My vintage shop on Etsy has continued to grow and blossom. Each item I've added to my shop has given me opportunity to learn something new. I found this recent addition interesting in so many ways.
This book The Virginia Housewife or Methodical Cook was written by Mary Randolph. This addition is an undated copy published by Hurst & Co. I did quite a bit of research on this piece and would date it circa 1880.
Originally published in 1824, this cookbook has been called the "most influential American cookbook of the 19th century" and "the first truly American cookbook". It contains early evidence of the influence of African cuisine in Southern cooking, though most of the recipes are derived from European traditions.
The author Mary Randolph was the Godmother to Mrs. Robert. E. Lee. Born to an elite family and trained in "proper household management practices", she married David Randolph, an outspoken Federalist. When her husband was removed from his position as United States Marshall by his cousin, President Thomas Jefferson, Mary Randolph opened up a boarding house in order to retain her standard of living. Later in her life she decided to write a cookbook. She died in 1828 and was the first person to be buried in the Arlington National Cemetery.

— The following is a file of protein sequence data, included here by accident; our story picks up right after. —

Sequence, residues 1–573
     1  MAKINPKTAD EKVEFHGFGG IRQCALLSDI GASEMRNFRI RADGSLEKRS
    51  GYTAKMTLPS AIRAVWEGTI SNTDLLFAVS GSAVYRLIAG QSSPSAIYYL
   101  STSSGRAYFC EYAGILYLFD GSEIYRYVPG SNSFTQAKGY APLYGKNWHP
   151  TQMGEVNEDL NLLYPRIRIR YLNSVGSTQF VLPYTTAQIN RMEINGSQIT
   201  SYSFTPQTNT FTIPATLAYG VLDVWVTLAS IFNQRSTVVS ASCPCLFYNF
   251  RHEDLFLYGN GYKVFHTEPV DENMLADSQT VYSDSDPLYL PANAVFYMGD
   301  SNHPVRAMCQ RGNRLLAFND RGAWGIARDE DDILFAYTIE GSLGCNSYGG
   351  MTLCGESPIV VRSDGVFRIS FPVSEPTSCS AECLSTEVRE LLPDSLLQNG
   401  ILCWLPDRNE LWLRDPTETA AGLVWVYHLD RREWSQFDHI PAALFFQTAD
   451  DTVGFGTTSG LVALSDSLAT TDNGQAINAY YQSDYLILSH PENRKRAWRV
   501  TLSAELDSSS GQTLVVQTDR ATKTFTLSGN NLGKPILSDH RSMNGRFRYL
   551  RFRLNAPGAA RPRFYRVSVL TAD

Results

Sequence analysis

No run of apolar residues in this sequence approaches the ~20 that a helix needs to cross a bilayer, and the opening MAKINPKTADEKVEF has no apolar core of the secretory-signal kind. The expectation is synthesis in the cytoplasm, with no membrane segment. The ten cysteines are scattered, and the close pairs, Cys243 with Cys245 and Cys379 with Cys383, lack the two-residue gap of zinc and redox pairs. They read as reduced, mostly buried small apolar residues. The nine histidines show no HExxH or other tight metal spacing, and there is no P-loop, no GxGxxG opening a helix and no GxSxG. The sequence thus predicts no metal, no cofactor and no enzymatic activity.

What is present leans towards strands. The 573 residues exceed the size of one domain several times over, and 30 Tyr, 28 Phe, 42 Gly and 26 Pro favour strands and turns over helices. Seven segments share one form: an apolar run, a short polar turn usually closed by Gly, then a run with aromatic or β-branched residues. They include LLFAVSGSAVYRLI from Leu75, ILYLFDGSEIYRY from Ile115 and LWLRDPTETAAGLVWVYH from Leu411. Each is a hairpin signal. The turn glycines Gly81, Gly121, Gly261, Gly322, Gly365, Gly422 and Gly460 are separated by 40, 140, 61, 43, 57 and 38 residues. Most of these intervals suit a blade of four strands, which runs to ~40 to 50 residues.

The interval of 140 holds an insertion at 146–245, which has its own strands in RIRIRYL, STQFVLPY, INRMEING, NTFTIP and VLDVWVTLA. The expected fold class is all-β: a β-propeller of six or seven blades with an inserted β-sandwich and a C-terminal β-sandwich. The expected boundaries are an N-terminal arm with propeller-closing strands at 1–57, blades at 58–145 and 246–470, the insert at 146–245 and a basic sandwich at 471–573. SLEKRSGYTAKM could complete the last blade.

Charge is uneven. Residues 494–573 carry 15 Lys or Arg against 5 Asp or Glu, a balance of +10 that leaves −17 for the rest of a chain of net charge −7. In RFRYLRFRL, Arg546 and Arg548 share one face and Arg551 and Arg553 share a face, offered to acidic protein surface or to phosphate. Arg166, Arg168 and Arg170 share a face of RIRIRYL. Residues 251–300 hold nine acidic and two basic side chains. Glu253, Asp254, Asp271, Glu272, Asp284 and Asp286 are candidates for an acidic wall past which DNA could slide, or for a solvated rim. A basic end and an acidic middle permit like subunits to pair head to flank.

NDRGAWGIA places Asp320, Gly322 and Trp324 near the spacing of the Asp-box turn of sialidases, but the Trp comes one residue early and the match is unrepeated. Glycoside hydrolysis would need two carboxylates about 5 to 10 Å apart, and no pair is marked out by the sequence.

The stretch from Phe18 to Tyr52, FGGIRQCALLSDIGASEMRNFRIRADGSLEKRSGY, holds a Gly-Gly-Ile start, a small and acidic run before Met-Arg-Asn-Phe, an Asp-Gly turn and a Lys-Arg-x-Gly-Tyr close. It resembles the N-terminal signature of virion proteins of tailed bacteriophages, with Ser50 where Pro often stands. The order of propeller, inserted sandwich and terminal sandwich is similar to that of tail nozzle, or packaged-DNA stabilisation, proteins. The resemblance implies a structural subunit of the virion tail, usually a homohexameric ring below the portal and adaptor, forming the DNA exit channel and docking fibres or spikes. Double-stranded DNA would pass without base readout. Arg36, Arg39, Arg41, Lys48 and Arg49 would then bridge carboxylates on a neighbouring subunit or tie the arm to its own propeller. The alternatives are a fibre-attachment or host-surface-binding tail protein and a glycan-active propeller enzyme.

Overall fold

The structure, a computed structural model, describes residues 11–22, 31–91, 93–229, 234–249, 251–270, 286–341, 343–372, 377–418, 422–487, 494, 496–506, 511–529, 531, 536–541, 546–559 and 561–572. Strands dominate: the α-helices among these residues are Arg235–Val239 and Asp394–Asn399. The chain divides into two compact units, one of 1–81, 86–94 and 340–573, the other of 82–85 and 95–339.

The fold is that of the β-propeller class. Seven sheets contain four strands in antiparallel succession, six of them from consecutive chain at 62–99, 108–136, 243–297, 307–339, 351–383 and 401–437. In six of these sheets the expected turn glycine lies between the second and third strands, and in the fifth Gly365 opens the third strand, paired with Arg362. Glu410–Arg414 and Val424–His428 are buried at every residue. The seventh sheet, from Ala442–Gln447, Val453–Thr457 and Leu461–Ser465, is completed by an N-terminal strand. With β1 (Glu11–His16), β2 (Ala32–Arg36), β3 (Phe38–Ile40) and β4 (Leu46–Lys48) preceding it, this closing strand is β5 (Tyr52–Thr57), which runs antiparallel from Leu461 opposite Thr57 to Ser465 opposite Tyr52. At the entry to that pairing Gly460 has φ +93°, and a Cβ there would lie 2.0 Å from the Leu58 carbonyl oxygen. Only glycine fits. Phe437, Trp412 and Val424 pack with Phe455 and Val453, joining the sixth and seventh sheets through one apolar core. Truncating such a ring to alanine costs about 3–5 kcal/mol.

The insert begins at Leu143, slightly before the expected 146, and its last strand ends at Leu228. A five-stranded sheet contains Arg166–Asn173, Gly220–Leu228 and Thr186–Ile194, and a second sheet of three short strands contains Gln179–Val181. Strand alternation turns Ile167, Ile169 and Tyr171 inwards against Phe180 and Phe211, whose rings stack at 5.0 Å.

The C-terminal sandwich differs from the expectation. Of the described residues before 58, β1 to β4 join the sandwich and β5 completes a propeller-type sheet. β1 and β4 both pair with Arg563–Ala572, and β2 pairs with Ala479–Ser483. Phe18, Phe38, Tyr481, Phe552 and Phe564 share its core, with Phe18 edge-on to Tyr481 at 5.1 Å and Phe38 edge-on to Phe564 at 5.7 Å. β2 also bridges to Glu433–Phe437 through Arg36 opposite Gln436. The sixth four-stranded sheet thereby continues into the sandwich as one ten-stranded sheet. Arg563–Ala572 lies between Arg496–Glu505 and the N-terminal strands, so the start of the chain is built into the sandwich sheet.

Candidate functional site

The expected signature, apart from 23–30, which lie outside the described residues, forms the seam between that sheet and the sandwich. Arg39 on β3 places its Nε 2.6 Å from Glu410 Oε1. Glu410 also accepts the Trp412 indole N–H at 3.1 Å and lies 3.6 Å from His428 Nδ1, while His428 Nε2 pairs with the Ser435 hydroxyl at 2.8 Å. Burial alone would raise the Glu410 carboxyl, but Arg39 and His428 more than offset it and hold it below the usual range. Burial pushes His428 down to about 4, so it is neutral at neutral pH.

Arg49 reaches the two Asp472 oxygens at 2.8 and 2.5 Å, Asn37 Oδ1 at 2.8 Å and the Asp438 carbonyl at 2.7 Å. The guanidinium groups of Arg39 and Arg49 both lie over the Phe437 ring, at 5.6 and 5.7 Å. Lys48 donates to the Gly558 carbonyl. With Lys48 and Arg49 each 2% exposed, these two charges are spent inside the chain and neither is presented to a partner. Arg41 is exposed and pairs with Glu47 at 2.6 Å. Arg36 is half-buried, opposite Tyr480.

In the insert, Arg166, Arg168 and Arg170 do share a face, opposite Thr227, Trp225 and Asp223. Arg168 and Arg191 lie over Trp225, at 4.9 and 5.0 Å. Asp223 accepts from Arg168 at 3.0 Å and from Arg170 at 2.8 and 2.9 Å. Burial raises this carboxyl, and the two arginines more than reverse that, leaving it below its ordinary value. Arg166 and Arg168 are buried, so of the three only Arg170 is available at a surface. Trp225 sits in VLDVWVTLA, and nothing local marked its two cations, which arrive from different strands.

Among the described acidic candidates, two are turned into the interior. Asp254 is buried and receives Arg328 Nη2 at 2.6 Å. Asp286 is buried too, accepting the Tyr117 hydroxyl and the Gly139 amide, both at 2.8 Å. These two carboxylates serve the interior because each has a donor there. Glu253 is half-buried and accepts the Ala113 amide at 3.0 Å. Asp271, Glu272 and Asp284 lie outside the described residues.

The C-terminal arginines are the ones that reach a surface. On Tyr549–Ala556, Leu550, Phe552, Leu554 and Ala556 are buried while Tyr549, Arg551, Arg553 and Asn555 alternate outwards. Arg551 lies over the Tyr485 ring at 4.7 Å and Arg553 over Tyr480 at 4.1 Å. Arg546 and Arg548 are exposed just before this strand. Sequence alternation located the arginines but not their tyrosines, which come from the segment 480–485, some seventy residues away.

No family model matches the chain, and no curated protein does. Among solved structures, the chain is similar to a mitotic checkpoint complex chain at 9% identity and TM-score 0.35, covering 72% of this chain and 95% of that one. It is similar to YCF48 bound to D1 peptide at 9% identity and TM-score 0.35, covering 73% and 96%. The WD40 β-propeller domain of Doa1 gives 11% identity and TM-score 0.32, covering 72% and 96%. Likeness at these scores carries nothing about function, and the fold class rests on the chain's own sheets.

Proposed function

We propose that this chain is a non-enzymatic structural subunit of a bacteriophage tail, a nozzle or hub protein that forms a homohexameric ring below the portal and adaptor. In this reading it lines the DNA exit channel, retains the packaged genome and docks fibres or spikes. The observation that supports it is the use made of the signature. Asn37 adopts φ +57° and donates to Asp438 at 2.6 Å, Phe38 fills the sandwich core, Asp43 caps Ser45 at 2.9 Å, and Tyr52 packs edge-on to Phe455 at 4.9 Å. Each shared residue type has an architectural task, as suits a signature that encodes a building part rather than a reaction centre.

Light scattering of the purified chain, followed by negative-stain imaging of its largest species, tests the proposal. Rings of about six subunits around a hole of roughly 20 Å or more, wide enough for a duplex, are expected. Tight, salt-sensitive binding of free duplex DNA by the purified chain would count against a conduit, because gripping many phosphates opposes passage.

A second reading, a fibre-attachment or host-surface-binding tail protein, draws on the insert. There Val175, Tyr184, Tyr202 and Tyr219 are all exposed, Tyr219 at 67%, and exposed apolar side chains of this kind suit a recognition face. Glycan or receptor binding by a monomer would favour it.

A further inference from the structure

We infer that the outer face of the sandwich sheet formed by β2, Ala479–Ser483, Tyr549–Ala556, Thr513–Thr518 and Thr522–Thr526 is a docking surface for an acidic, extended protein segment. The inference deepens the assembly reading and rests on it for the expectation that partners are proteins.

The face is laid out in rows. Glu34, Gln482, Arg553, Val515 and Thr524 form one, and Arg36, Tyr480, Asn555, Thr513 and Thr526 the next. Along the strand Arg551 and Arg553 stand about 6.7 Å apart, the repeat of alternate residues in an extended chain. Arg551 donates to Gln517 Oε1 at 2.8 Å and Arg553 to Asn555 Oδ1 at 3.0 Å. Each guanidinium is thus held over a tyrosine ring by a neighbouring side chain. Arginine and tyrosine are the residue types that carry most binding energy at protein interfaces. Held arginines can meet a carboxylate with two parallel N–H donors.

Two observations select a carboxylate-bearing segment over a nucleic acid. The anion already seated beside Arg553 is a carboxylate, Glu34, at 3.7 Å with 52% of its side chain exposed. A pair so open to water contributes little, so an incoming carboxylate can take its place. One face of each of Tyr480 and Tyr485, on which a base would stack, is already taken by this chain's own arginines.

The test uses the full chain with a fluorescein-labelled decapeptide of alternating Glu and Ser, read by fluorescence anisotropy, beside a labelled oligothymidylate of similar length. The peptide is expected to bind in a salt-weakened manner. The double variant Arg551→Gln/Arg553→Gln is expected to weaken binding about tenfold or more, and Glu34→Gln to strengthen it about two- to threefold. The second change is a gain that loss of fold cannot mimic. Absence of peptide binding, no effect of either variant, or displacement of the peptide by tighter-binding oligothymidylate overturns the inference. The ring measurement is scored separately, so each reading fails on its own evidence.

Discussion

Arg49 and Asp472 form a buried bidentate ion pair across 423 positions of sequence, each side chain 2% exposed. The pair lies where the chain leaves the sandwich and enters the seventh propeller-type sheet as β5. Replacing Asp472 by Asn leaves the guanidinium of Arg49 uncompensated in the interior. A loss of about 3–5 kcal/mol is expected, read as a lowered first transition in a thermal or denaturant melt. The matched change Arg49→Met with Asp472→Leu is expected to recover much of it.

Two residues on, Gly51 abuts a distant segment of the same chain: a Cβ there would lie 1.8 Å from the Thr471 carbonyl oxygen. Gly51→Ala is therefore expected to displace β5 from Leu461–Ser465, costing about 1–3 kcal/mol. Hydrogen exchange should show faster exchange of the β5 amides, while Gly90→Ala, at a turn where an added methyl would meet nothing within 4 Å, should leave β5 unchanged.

This book contains cooking instructions for everything from hearty soups to lamb and pork dishes, along with fish, poultry, sauces, vegetables, puddings, cakes, preserves and more.
In addition to traditional Southern fare as okra soup, curry of catfish, barbecued shoat (a fat young hog), field peas, beaten biscuits and sweet potato buns, there are also recipes for dishes, condiments and beverages rarely seen on today's dinner table: sweetbread and oyster pie, grilled calf's head, shoulder of mutton with celery sauce, fried calf's feet, pheasant “a-la-daub,” tansy pudding, gooseberry fool (cold stewed gooseberries with custard and whipped cream), pickled nasturtiums, walnut catsup, vinegar of the four thieves, ginger wine and may others.
This comprehensive cook's reference also provides an introduction to the food and customs of the antebellum South, as well as instructions for making soap, starch and cologne water, cleaning silver, drying herbs and much other useful advice.